A true filmspotting discovery. What a joy of the film. Full of hope, truth, and optimism.
Definitely can get down with something that's critical of British-ness (though I think it treats the "old chaps" with kids gloves) but also has something tender to say about the inseparability of friendship and country (which is a frame of mind), clearly a reflection of the working relationship of P&P. Ultimately, though, I'm not in the masterpiece camp, mostly because I find the way that it idiosyncratically unspools to be equal parts fascinating and ineffective. On the one hand, I love some of its deviations in war-torn drama - e.g. how those romances never materialize on-screen threw me off in a good way - but on the other, the film never gripped me on a basic, dramatic level, which I…
There is a small selection of ambitious films known to the public, and very few of those films exceed their own expectations - The Life and Death of Colonel Blimp is surely the greatest of those films.
Following the highlights of Major General Clive Wynne-Candy through his military career from the Boer War to the twilight of World War Two, Powell & Pressburger feature their signature aesthetic within a realistic script which covers every crisis which can befall a man. What is the meaning of life? Is it love? Is it duty? Is it growth? Powell and Pressburger give us clues through General Candy, but leave some ambiguities for the viewers. Consistently gorgeous, scriptually striking and thematically huge, The Life and Death of Colonel Blimp is one of the greatest films of all time.
"If you let yourself be defeated by them, just because you are too fair to hit back the same way they hit at you, there won't be any methods *but* Nazi methods!"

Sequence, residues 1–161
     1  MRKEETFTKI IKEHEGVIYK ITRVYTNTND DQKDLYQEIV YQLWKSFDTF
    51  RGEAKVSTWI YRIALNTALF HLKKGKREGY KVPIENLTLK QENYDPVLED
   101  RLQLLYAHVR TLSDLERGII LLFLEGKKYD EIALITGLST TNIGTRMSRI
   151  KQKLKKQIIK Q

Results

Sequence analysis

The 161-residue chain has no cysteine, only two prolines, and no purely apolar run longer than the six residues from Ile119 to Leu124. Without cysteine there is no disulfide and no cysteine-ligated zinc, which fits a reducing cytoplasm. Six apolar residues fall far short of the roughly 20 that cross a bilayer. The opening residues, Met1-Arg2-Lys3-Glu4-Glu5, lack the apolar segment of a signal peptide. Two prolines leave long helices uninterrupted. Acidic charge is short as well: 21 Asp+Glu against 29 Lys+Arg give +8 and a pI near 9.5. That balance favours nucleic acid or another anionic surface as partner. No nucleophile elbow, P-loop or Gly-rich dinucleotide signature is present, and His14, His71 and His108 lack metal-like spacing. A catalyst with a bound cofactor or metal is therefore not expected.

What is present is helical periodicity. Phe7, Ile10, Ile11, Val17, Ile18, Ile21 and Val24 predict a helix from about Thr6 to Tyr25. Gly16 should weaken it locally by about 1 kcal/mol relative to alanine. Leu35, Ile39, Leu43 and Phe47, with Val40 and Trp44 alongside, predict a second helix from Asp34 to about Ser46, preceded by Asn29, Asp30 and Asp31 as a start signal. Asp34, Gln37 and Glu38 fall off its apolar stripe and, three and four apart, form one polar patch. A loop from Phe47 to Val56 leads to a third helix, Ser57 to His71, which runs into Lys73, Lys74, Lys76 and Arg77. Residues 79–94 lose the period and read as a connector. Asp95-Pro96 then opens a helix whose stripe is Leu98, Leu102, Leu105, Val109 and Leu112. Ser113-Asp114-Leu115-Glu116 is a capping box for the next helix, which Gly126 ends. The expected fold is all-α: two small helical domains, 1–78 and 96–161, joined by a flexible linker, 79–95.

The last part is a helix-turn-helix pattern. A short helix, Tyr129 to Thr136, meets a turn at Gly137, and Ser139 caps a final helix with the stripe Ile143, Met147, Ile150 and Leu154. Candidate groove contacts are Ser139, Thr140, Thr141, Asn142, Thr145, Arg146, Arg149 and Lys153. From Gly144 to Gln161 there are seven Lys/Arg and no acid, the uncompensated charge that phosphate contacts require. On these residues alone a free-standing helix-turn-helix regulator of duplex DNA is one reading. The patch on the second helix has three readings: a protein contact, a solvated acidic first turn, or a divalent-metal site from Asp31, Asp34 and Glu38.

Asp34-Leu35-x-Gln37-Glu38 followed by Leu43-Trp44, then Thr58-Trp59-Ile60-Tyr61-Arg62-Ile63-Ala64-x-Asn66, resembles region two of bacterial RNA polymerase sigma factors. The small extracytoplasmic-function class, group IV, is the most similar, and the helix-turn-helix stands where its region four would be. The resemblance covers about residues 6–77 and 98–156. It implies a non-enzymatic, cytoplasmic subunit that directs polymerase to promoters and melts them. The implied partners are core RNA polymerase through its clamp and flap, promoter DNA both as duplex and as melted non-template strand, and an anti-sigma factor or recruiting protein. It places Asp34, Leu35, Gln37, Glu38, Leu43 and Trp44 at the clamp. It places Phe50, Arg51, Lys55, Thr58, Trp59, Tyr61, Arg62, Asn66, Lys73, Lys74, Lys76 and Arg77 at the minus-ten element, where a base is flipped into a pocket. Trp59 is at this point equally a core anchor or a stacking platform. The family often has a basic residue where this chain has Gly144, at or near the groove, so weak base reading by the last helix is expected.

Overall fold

This is Criterion's best transfer yet. The Technicolor is beautifully matched with stunning makeup and an even better performance from Roger Livesey.
"Here is the lake... and I still haven't changed."
Charting the fall of Victorian formalism in the years following 1914, The Life and Death of Colonel Blimp is a marvelous picture that follows the love, loss, and life of military careerist Clive Candy through three separate wars as he attempts to reconcile his own personal beliefs with the oncoming wave of modernity. It's understandable to see why this movie caused such a fuss when it was first released during the middle of the Second World War; from its portrayal of blundering military higher-ups to Theo, the sympathetic German, nothing of this film seeks true conformity. The numerous montage sequences bare striking resemblance to Citizen Kane, and the Technicolor cinematography is…
"With a little common sense and bad manners, there would have been no war at all."
The best thing I've watched in months.
Film #8: UK - Part of the 30 Countries / 30 Days Letterboxd Challenge for March 2015
After a short while into this, I practically forced myself to finish all 163 minutes of it. You could argue it was doomed from the start, but a British romantic war-time film is just not something I'm gonna be interested in. I've had the same complaints for other films like Barry Lyndon, The Age of Innocence, The Leopard, and others..... there's just little there for me to connect with or latch onto.
I had it pegged as one of those 'shameful' films that I wouldn't normally watch but felt I should see it eventually. Scorsese heaps praise onto it and it's on countless…
The great cinematography and commanding performance from Roger Livesey take the audience on an emotionally poignant journey. This intelligent film is about the changing of times and war and whether or not a English gentleman can stay relevant during the changes.
Ever since The Red Shoes, I've lusted after Powell & Pressburger's indescribable magical goodness. I've resisted the temptation to binge all of their films and instead decided to appreciate them one at a time with huge time gaps in-between to let the "flavour" sink in. Yah know? "Abstinence makes the heart grow fonder" kinda thing. It's been almost exactly 3 months since my last P&P film and boy, did the waiting pay off.
Colonel Blimp is a 3-hour Technicolor spectacle with the aforementioned "magical goodness" of The Archers. Their style is reminiscent of the Lubitsch Touch, both possessing a kind of lightheartedness to it with music as emphasis. I believe the magic is the overlapping of the occasional serious subject matter…